Star Wars: Episode I - Racer

released on May 18, 1999

Star Wars: Episode 1 - Racer lets you participate in the famous pod race sequence that was the critical highlight of the 1999 film Star Wars: Episode I, The Phantom Menace. These lightning-quick vehicles are capable of reaching simulated speeds of up to 600 miles per hour while skimming a mere 4 feet above the ground. You can race alone or against a friend in split-screen mode on more than 21 courses among eight worlds. Take the controls as Jedi-to-be Anakin Skywalker or any one of over 20 pod racers. Feel the full-force blast while avoiding hazards such as methane lakes, meteor showers, and the unfriendly Tusken Raiders.

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I haven't played a ton of them but for a late 90s racing game, this was honestly kinda fun. I'm impressed that it's aged pretty decently and still plays well in its re-released form.

Look, the prequel trilogy is pretty bad, but preteen-me didn't care about that. I was knocking back Pepsi with Boss Nass on the can and terrorizing my younger sister by rolling towards her screaming "I'M A DROIDEKA!" By that point I was already ingesting a steady diet of Star Wars crap - reading Shadows of the Empire comics, collecting pogs with Dark Prince Xizor on them, and wearing the tape out on my Special Edition copies of the original trilogy; I wasn't just swept up in the hype, I had become one with it. It is perhaps for this reason that I still hold The Phantom Menace up as the best in the prequel trilogy. Yeah, it's still bad but I think it's better than what came after. From time you time, you might catch me making the case that it used more practical effects and sets, that Yoda was still a puppet or whatever, but that's a weak argument. No, it's because I was directly in the target demo when it came out, and because seeing a new Star Wars movie wasn't just special in 1999, it was almost unexpected. Of course it was going to imprint something onto me.
Anyway, hearing Greg Proops say "Beeeeeeen Quadinaros!" has a calming effect on me, like the gentle crash of waves easing me into the ocean. Fun fact: you can pay Greg to say that or any podracer's name on Cameo and he'll not only do it, he'll put a little mustard on it for you, because he's just that kind of professional. How do I know this? I've made some financial decisions that are unwise but which I do not regret, thank you for asking.
Naturally, I loved Star Wars: Episode One - Racer when it came out. Played the hell out of it. It only seemed fitting to buy a cart and add it to my Nintendo 64 collection back when I was building that (along with Shadows of the Empire and Rogue Squadron.) Just like the prequel trilogy, I think Episode One - Racer is something I liked way more as a kid and whose faults only became perceptible to me with age.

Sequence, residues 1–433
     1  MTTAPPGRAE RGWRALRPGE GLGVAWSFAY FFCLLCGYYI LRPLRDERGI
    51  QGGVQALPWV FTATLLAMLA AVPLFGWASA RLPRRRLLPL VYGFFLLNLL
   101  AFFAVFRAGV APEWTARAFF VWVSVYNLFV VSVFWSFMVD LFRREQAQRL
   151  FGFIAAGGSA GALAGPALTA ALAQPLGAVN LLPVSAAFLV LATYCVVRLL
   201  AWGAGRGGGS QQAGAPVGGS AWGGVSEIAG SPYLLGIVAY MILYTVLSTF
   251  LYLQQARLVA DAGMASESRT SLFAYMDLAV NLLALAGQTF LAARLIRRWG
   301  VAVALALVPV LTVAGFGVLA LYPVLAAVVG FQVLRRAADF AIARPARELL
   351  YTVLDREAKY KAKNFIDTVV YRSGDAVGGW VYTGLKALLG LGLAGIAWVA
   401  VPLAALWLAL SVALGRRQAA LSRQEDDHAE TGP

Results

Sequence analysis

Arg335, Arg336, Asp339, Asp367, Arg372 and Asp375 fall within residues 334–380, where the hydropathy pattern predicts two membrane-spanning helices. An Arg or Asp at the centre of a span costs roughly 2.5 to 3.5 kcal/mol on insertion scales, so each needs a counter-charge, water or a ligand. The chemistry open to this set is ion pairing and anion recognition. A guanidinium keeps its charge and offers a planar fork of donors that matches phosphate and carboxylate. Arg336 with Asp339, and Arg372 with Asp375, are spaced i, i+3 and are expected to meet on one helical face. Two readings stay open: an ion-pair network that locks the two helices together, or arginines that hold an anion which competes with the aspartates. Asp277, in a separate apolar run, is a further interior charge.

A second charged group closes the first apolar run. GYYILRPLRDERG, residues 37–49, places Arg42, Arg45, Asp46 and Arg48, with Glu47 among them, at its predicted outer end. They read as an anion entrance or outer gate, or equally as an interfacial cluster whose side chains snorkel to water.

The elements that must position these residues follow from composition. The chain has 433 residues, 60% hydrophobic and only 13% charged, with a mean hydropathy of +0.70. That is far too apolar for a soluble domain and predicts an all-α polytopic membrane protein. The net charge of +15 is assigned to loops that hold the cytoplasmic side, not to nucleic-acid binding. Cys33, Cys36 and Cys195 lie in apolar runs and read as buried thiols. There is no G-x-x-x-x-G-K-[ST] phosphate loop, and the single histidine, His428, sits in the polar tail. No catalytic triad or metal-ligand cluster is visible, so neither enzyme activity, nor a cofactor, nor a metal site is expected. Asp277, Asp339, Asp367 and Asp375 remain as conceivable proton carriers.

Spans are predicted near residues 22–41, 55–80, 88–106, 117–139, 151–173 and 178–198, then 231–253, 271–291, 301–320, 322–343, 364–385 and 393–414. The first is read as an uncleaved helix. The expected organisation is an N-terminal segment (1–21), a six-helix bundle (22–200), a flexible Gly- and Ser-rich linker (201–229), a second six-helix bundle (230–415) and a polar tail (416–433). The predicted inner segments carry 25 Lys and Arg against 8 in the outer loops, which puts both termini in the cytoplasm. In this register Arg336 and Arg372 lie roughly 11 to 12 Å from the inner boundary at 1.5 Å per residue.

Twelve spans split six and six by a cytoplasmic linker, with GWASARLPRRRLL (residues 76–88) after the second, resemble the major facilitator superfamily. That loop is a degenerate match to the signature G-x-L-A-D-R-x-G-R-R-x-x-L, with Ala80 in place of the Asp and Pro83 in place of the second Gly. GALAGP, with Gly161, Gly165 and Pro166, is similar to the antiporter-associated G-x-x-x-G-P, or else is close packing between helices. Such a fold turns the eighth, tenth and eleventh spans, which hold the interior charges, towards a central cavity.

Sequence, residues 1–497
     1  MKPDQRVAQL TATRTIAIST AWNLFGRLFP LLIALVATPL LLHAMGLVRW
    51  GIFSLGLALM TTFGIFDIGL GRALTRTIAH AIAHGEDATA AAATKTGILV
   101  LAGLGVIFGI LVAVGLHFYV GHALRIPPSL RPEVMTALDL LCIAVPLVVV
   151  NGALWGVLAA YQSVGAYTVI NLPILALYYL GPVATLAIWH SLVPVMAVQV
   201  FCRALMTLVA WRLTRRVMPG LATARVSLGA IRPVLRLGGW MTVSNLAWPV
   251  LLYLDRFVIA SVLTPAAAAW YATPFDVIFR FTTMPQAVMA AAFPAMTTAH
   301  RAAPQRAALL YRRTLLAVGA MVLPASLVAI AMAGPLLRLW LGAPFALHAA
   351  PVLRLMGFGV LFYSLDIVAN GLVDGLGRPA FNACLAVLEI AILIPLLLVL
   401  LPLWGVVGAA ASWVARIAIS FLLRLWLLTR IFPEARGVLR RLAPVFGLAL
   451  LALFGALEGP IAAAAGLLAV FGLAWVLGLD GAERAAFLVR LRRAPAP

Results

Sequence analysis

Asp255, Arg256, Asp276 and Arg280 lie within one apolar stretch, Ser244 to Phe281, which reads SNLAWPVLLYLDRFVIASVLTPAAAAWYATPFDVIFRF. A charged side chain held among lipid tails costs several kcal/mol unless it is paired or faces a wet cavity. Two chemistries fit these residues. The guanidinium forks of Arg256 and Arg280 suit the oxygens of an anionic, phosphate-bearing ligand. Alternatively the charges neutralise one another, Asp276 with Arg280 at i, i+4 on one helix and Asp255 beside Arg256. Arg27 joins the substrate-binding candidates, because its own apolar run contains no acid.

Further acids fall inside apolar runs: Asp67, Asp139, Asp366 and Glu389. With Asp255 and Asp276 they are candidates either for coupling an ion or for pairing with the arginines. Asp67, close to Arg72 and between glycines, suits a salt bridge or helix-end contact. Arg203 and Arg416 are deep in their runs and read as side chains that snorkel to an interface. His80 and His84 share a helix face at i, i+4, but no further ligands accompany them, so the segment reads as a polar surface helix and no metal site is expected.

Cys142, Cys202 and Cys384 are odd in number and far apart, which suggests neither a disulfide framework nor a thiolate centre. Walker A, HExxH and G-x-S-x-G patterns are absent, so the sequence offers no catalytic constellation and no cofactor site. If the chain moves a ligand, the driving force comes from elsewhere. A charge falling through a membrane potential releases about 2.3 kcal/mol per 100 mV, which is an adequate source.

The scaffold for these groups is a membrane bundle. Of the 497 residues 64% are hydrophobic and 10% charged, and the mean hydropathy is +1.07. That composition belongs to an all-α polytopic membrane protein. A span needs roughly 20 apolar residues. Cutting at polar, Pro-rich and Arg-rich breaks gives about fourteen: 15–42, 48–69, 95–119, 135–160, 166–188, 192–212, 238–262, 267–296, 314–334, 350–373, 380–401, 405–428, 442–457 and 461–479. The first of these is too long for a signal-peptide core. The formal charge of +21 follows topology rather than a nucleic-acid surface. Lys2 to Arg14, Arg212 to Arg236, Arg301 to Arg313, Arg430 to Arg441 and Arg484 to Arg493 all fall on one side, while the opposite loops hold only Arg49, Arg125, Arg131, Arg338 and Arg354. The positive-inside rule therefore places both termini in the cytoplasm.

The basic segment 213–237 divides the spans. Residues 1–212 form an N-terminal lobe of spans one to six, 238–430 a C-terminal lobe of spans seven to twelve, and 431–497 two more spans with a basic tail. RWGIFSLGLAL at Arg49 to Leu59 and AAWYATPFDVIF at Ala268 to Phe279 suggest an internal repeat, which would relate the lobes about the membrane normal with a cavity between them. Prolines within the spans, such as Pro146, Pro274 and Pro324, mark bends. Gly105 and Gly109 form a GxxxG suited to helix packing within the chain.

Controls are tight and I never felt like they were encumbered in any noticeable way by the N64's wacky gamepad, and there's a good variety of racers and parts for your pods to fine tune things to your liking. The presentation is also on point, and it almost goes without saying that the sound design is excellent. All of this is exactly how I remembered, Watto saying "eeeugh, anybody seen-ah my chance cube?" has never sounded better. What I don't remember is these tracks being long as hell. Too long, even! As courses become more narrow and rich with hazards, you'll find yourself in a position where you've blown the hell up one too many times for the race to be salvageable, and the thought of having to make up for the sheer length of time you've spent on a race that's become unwinnable just makes quitting out and retrying that much more aggravating.
I also have to acknowledge the fact that I played this game on a 4k TV using a Retrotink, and although the Retrotink is a far better option than your run-of-the-mill no brand upscalers on Amazon, it still has some issues with brightness and color vibrancy. There are some courses here that are dark, and while they're perfectly readable on a CRT, when you pass them through an upscaler you're just asking to careen into a pillar or wall that you couldn't see coming. So I'm taking that into consideration with my complaints, and even then I don't think the issues I mentioned are so severe that they encroach on the experience in a significant way.
But... maybe I'm making excuses again? Maybe this is just another version of my "Phantom Menace still used a puppet for Yoda. It has Yaddle in it, man. Yaddle." Some sick problem I have where I see a podracer and I take my shirt off, pound my chest, and walk around the room shouting "Yes! YES!" It just does something to me.

Episode One - Racer
gets four kisses on the cheek out of five.